andrichrose

Hang on a minute , This technology already exists !

Next post will run "Car manufacturers demand government funds to develop
rounder wheel "

Roger Arnold

Battery development seems to be rolling along just fine as it is. I don't know any specifics of what's being funded here, and this is a case where details matter. However, on the surface, it has the appearance of a cosmetic attempt by DOE to make the agency look good. They're throwing money at developments that are already approaching commercial success.

Rafael Seidl

$14m isn't a whole lot for the federal government to spend, considering the $300/day price tag of Iraq. Still, I'd prefer to see governments use their clout to create a market for technologies that help meet energy policy goals.

Why not define the performance characteristics various government agencies want in their future (civilian) vehicle fleets plus a time horizon, price point and unit volume commitment? Establishing a floor for demand reduces risk and initial marketing overheads for entrepreneurs.

However, these performance characteristics should always be framed in terms of outcomes (e.g. fuel economy in a specified duty cycle) rather than pick specific technologies. Who's to say there isn't someone out there with an idea that's even better than a powering a PHEV with advanced batteries?

Lakewood90712

Near the end of the budget year , it is time for the DOE to get rid of some spare money. Happens every year.

kent beuchet

One poster seems to think that practical batteries are already here and don't need any financial support. I would suggest that it's touch and go even as to wehether the Chevy VOLT will, by 2010 , have a battery that is suitable just for plug-in hybrids, much less all electric powered cars. I've read the specs, and none met them, including the Altair NanoSafes, that are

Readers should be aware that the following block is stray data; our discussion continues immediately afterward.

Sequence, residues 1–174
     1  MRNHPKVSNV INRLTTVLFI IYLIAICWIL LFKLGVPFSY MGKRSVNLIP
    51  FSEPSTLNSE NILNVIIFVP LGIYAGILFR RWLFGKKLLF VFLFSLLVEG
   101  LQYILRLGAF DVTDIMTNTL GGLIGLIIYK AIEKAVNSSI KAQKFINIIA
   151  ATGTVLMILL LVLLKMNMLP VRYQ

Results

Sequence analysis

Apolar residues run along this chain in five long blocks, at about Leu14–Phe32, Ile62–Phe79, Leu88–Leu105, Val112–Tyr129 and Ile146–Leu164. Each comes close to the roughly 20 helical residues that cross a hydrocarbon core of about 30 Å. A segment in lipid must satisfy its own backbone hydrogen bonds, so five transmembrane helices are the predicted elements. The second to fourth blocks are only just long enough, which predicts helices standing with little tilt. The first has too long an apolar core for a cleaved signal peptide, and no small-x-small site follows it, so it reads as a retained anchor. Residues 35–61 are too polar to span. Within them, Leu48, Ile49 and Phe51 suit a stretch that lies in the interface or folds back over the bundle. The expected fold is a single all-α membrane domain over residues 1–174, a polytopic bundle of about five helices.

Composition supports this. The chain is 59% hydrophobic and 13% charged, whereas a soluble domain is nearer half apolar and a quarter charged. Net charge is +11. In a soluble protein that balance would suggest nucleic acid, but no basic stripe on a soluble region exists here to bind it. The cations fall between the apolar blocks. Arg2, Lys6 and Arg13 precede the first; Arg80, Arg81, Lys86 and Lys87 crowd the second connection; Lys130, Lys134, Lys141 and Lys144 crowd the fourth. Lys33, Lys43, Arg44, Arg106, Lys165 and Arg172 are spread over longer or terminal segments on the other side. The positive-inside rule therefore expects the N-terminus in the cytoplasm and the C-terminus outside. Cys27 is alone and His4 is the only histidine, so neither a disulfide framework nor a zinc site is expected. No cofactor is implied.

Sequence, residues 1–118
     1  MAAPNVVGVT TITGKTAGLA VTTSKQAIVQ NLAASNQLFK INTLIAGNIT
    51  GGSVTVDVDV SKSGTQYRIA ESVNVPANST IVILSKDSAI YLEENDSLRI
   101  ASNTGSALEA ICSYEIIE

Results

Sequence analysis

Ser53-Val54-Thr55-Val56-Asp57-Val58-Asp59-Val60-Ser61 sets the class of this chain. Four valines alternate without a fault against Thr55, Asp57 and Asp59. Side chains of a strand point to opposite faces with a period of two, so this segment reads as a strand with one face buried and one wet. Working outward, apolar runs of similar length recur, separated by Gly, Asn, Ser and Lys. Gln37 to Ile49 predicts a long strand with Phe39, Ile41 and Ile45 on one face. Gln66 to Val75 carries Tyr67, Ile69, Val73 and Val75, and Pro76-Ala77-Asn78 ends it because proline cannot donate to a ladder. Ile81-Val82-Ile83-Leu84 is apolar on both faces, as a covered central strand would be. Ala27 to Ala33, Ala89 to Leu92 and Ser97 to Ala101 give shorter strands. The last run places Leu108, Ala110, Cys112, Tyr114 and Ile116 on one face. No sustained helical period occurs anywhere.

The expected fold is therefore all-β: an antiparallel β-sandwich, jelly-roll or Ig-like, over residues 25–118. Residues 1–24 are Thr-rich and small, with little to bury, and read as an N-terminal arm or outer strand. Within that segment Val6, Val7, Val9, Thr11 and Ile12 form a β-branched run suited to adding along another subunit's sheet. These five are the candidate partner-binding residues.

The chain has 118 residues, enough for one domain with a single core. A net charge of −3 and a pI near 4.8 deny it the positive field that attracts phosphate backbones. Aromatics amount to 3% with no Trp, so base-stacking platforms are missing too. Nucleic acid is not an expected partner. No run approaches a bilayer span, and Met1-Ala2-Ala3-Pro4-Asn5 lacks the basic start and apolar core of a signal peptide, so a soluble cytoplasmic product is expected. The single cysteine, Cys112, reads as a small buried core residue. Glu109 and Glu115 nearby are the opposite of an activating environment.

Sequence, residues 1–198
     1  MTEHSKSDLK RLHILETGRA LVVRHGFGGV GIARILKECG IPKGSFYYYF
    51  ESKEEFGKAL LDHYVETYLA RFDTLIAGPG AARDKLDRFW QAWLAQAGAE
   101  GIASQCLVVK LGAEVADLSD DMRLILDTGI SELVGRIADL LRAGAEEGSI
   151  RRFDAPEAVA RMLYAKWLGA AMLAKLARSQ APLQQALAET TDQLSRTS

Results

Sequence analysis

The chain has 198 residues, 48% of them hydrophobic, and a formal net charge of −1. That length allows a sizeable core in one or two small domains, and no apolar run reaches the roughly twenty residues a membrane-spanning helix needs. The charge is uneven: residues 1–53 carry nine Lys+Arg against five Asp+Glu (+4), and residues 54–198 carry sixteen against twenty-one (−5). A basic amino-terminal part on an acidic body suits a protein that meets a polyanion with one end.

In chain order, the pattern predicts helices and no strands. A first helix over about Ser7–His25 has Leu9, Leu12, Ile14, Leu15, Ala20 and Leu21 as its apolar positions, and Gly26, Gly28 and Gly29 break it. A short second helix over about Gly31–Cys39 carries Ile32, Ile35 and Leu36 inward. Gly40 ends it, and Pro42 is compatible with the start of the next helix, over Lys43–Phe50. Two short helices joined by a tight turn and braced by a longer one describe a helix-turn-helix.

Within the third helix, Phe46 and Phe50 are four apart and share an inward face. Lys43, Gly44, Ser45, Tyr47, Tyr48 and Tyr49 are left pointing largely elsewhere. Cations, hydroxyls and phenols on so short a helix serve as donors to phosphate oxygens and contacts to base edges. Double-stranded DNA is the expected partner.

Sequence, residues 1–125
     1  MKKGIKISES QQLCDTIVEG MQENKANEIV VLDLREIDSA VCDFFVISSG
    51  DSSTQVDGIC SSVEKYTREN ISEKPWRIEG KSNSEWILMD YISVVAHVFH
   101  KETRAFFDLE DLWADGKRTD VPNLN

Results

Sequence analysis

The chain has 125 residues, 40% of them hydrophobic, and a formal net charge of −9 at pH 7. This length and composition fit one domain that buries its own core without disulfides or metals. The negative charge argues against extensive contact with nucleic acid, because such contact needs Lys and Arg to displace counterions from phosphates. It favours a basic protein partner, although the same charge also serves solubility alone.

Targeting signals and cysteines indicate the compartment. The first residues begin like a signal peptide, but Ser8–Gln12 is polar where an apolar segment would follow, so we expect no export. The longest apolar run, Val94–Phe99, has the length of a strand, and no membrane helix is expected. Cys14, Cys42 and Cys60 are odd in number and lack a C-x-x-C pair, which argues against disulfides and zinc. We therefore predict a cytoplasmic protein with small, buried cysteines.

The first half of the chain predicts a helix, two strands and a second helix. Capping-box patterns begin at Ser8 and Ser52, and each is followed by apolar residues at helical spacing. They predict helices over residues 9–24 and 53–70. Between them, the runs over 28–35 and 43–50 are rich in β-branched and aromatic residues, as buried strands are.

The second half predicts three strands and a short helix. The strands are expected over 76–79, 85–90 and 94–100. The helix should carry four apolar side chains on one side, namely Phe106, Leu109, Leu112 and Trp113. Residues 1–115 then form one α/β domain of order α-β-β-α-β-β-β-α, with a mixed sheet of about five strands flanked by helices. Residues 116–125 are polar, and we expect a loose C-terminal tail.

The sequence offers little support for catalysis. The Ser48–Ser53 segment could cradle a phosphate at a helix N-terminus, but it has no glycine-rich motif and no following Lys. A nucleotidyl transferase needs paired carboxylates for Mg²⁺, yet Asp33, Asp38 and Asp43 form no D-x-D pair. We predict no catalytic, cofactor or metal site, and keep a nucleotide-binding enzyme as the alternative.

wildly overpriced, too heavy, and do not meet the lifespan requirements nor the power output reqs.
That, friends, is NOT the hallmark of a technology that is ready for prime time. I also draw attention to the call of all of the Big Three for Congress to fund $600 million for battery development, which prompted a Senate bill to do more or less just that : $100 million per year for the next five years. Why is there such a disconnect between the public's perception of battery technology and the reality? Perhaps because stories of advances in batteries neve mention the problems and drawbacks, like weight, cost, etc. Too much media copy is plain old cheeleading and hype. The clear fact is that right now, there does not exist a battery which meets the requirements of the automakers for a plug-in hybrid application. They are companies who plan on being around more than a few years and so cannot throw together the ridiculously absurd plug-ins that cost $10K and up, and provide a meager all-electric range from batteries that will need replacement long before the car does. There are plenty of small, backyard companies more than happy to forsake any future business to screw the public with their crappy plug-in conversions. I call on sites like this one to point out the fraud that's going on with these plug-in conversions. The technology doesn't ned a bunch of black eyes that will appear when the public finally gets